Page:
Perfect pastry for pies and tarts of your choice. It's so much easier than you think.
People shy away from pastry. I think because there's all sorts of conspiracy theories out there about needing cold hands, over working, balancing the ratio of flour to water. All of this can be an issue if you're striving for perfection or working with a very buttery mix, but this slightly pared down recipe takes some of the equivocation out of it and let's face it, we're looking for fun in the process when baking with smalls, not perfection. So here's out patched up pastry pie. The perfect recipe for small bakers because it's so tactile and adaptable. Complete the whole bake together, make the pastry in advance of even make the whole pie and simply let the smalls decorate with the pastry scraps. However you choose to do it you'll be surprise how simple and delicious it is to make your own pastry.
1tbsp of water
1. Rub the butter and flour with your finger tips in a large bowl until you have a clumpy breadcrumb mixture. This can be a tricky action for little ones, so I like to do it in advance. You might find that it naturally starts to come together into a dough at this point. All the smalls need to do then is add the water and squash and squeeze until a nice smooth ball forms. If you feel you need a little bit more moisture, dribble it in 1/2 a tbsp at a time. You certainly shouldn't need any more than 3 tbsp for this mixture.
2. Flour a flat surface (a tuff spot is brilliant for this) and roll the pastry out as thin as you can encourage your children to. You might want to give it a couple of rolls at the end to finish it off. Thick pastry will take longer to cool and risk a soggy bottom. It only needs to be a couple of mm.
3. Lay the sheet of pastry over your chosen dish. Make sure it is well greased in advance. Gently press it into place and then trim off the excess. Patch any tears and then add in your filling.
4. Repeat step 2, rolling the remaining pastry to make a lid for your pie. Lay it over the top and gently press around the edges. Trim the scraps and cut a cross in the middle of the lid with a sharp knife to let the steam out when baking.
5. Use the remaining scraps (they will go further than you think) to make decorations for the top of the pie. Use small biscuit cutters to make shapes. The base of icing nozzles make good spots. If you have enough dough left over, you can roll it into sausages and form letters or patterns. Stick them to the top of the pie with a damp paint brush. Brush the top of the whole pie with a little milk and bake in the oven on 180° for 35 minutes or until the pie is turning golden and hot all the way through.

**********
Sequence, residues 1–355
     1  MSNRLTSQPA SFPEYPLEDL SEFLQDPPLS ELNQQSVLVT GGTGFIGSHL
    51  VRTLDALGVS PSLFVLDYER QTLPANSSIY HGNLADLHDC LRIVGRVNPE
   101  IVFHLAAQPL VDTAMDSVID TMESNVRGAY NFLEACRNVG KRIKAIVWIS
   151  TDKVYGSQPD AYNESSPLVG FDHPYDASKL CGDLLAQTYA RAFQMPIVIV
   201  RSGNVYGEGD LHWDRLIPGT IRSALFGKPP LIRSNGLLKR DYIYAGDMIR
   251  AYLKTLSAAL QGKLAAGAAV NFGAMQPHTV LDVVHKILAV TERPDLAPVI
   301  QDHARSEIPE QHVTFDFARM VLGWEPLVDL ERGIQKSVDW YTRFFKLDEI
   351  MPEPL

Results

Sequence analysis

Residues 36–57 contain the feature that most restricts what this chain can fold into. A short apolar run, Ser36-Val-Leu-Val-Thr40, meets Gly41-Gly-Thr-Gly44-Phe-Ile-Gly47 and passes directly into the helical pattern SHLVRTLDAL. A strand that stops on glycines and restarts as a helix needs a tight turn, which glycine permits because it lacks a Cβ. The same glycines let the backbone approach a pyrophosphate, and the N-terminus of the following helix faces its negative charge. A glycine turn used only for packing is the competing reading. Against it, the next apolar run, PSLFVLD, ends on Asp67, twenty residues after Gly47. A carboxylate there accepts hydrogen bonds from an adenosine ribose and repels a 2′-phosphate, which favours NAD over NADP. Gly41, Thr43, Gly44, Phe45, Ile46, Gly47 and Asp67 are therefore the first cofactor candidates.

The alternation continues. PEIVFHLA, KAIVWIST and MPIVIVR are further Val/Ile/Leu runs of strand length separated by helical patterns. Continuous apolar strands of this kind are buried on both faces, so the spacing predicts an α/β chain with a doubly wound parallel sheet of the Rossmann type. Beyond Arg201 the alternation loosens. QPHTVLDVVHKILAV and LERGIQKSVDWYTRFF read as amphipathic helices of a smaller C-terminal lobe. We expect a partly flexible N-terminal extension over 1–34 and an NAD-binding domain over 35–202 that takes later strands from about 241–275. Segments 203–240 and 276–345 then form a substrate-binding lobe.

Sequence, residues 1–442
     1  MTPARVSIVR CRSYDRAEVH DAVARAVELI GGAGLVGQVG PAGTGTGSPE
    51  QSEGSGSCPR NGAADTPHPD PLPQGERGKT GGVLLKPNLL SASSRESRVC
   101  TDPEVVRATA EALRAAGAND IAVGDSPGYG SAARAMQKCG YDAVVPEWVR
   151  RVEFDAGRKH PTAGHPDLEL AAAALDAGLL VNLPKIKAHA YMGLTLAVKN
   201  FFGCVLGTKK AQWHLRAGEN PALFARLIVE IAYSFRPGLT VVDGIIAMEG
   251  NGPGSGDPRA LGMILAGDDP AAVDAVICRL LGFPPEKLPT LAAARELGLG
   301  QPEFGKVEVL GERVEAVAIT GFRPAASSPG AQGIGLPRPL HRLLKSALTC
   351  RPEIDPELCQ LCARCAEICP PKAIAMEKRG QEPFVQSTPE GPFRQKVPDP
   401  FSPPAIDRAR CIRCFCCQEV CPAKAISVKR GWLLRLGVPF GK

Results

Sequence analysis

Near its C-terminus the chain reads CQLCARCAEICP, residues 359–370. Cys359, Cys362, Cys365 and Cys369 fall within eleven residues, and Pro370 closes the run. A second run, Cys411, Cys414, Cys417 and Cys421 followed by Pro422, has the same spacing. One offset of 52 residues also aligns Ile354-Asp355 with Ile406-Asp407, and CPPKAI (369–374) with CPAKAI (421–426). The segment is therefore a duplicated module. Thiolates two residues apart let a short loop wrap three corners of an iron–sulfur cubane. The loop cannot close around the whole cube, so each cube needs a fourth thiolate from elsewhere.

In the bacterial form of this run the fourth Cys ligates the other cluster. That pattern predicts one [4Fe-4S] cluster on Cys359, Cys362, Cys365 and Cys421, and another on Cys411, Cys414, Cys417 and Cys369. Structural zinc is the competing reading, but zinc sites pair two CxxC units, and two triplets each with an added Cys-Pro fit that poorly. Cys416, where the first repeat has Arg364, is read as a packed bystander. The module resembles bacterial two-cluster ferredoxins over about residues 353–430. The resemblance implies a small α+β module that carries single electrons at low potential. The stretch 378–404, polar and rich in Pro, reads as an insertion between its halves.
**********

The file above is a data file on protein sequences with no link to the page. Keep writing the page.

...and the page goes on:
You can reduce or increase these amounts as needed depending on what you are making. Just keep the ratio of double flour to butter the same. There's no sugar in this recipe, so it's perfect for savoury pies or pies with an extra sweet filling. I add butter and sugar to fruit pie fillings, so I quite like a simpler pastry. That said, if I'm making something for a dinner party or what have you I add 2 tbsp golden caster sugar and increase the butter by 50g.
We used apples and blackberries gathered from our village green to make this pie. We made it in a 22cm flan dish as my proper pie dish got lost in the move. I use the same process for fruit pie as I do for crumbles, so the method below should work for any combo you like up to about 400g of fruit.
Pop the fruit, 30g butter, 30g muscavado sugar and 1/4 tsp cinnamon in a pan and heat until everything is melted and the fruit is sitting in a nice syrupy sauce. Take off the heat and cover with a lid until you're ready to add it to your pie. It will thicken a little in this time to just the right consistency.